When you buy a domain name, what are you actually “buying”?

Here’s one of the strangest, and most counter-intuitive, things about buying domain names. When you “buy” a domain name from someone else (even an ultra-premium one like cars.com), you’re not actually buying the name!


So, what ARE you getting for your money, actually?

The answer is: You’re buying the right to register, and continue to register, the domain name for as long as you want – and use it in your business for as long as it makes financial sense to do so.

A useful analogy is to think about vanity number plates for cars. You know, the one that says MY-BMW? For as long as you own the car, you have the right to pay a fee each year and renew your registration details – including the use of the MY-BMW plates.

But what happens if you forget, or are unable, to pay the registration? Your cool MY-BMW plates eventually get returned to the pool of available registrations, ready for someone else to grab them.

Or, what if you decide that you no longer want your vanity registration? One option is to “sell” the plates to someone else (sometimes though a broker or auction house if they are valuable enough). And the fee that the purchaser pays you? Think of it as a one-off transfer fee, an enticement for you to forgo further use of the MY-BMW plates.

And then, the cycle continues – the new owner has the right to use their new MY-BMW plates for as long as they pay the annual registration renewal fee or sell them onwards to someone else if they want.

So, back to domain names. There are four common scenarios:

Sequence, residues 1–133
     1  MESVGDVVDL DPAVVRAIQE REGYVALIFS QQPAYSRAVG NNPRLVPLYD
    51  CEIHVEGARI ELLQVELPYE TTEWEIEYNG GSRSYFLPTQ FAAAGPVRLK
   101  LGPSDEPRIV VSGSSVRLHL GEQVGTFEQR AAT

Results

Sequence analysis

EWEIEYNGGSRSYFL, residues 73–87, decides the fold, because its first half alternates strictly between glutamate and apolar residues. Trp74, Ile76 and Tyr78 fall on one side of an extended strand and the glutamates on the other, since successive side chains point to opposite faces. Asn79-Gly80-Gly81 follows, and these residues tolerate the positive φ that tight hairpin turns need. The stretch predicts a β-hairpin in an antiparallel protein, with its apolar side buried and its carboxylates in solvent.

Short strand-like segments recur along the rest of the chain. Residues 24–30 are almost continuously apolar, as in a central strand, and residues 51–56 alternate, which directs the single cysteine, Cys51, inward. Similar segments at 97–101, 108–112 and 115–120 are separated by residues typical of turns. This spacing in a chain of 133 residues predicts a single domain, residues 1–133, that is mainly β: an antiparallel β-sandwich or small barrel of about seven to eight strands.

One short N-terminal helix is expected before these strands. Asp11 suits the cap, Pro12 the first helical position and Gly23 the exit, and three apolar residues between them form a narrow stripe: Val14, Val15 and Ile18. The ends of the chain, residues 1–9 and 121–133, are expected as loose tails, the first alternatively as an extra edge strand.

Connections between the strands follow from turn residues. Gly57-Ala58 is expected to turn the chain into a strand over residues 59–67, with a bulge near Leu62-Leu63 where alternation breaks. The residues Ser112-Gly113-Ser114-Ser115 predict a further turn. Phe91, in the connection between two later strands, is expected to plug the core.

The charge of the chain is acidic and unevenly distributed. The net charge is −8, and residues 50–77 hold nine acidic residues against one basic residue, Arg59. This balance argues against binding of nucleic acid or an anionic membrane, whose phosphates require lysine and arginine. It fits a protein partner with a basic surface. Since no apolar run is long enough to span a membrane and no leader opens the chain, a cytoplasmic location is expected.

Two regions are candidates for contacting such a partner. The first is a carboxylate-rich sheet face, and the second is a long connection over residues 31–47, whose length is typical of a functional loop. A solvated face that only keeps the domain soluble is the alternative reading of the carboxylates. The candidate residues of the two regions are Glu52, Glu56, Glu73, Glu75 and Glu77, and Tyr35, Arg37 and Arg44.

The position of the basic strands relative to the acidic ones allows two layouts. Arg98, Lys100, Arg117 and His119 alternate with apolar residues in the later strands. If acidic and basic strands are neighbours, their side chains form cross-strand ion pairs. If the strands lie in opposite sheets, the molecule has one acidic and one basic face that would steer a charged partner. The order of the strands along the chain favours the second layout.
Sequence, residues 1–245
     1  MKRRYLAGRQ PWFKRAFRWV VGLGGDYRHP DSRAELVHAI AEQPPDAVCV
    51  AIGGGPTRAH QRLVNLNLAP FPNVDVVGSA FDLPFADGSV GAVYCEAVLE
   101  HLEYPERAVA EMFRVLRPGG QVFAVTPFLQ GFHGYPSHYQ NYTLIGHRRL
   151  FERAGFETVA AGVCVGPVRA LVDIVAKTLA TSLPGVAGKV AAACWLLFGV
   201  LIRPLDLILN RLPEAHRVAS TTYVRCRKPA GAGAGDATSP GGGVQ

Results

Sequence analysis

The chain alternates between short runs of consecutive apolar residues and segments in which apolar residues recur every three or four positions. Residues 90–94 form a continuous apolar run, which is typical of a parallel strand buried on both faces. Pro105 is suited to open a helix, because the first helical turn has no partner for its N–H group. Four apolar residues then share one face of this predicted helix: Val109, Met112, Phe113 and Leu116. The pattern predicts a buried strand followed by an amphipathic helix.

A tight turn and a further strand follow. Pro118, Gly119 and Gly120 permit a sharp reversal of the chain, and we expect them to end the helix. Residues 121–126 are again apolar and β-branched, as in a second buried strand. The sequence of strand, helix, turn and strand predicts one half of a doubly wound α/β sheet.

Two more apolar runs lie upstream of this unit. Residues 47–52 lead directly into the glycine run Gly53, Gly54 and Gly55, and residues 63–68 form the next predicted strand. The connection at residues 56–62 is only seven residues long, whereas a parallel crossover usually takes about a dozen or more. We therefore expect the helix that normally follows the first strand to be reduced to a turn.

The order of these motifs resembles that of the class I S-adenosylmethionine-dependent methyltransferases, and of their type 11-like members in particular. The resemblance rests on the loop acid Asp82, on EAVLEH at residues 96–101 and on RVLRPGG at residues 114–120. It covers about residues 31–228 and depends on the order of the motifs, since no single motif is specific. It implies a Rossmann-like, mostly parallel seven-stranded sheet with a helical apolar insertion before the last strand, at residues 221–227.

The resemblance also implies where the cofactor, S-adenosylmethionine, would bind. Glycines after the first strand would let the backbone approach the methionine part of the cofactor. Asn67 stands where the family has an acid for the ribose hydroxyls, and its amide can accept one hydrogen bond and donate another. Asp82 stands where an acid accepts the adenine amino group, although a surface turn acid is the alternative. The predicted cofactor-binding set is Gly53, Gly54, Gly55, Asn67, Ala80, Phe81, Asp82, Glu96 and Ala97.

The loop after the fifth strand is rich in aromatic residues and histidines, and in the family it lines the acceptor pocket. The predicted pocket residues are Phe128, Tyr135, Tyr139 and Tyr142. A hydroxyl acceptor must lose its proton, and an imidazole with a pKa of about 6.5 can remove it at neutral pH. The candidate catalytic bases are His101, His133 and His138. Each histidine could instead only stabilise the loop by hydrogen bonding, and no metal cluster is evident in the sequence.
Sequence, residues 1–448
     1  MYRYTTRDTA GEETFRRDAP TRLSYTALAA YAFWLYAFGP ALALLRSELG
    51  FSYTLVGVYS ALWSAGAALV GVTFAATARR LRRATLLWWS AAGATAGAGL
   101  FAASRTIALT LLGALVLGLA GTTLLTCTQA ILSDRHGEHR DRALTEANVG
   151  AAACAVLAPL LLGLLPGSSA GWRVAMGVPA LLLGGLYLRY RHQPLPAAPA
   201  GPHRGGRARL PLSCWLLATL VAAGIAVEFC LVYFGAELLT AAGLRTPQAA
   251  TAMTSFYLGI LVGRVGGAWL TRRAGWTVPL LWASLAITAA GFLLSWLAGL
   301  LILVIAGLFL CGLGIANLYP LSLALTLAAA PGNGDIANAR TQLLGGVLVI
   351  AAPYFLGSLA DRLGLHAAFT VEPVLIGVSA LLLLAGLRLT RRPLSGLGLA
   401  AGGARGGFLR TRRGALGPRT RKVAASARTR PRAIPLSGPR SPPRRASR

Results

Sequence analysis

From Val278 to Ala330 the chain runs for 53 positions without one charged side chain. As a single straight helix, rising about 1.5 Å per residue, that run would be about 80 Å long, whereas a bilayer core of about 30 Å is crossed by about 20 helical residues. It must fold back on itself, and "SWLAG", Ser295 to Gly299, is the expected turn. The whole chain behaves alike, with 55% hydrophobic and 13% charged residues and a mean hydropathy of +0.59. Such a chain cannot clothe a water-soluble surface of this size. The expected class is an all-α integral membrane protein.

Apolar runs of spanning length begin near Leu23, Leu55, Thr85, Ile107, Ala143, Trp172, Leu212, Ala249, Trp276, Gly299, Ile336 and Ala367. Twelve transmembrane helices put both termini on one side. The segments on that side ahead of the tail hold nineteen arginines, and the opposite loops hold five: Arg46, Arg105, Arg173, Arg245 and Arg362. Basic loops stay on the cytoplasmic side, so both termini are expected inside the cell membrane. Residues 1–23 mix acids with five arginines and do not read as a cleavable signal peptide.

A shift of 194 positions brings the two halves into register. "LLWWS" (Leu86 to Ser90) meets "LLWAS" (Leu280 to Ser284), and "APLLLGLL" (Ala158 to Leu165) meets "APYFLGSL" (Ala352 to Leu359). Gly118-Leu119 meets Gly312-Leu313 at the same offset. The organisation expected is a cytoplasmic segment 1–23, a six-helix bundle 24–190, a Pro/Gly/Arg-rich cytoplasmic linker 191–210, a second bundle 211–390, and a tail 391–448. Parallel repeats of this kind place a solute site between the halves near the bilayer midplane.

Firstly, if you’re buying an expired (or never-registered) domain name straight from a registrar, all you’re going to pay is the domain registration fee (around $10USD at GoDaddy).

Secondly, in contrast, if you’re buying an expired name with significant value (one I saw the other day was Cobras.com, for example) then you’re going to have to bid at a domain name auction, and often pay a significant premium for the right to register the domain in your name.

Thirdly, say you want a specific domain name for a new business start-up, but it is currently registered to someone else. You (or your broker / agent) could approach the current owner (often found via a Who Is lookup) and make an offer to buy the domain name.

Finally, a domain name owner, investor or broker might approach you directly to purchase the domain name from them for a one-off fee.

Remember, in scenarios three and four you’re really paying a one-off fee to have the domain name transferred to you. It then remains yours, however, for as long as you want to pay the annual registration fee – and for as long as it makes sense (in terms of sales, traffic, branding etc).

Featurted Image: Pexels

You May Also Like